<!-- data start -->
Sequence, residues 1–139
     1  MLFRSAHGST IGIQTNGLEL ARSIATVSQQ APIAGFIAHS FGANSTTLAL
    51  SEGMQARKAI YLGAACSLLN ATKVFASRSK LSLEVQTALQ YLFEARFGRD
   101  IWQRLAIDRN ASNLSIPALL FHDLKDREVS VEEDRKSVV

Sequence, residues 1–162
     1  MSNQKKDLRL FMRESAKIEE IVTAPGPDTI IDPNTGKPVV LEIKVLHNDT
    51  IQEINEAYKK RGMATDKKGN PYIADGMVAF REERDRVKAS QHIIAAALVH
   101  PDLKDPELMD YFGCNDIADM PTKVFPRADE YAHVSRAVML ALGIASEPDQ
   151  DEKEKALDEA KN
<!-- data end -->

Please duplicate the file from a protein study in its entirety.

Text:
Sequence, residues 1–139
     1  MLFRSAHGST IGIQTNGLEL ARSIATVSQQ APIAGFIAHS FGANSTTLAL
    51  SEGMQARKAI YLGAACSLLN ATKVFASRSK LSLEVQTALQ YLFEARFGRD
   101  IWQRLAIDRN ASNLSIPALL FHDLKDREVS VEEDRKSVV

Sequence, residues 1–162
     1  MSNQKKDLRL FMRESAKIEE IVTAPGPDTI IDPNTGKPVV LEIKVLHNDT
    51  IQEINEAYKK RGMATDKKGN PYIADGMVAF REERDRVKAS QHIIAAALVH
   101  PDLKDPELMD YFGCNDIADM PTKVFPRADE YAHVSRAVML ALGIASEPDQ
   151  DEKEKALDEA KN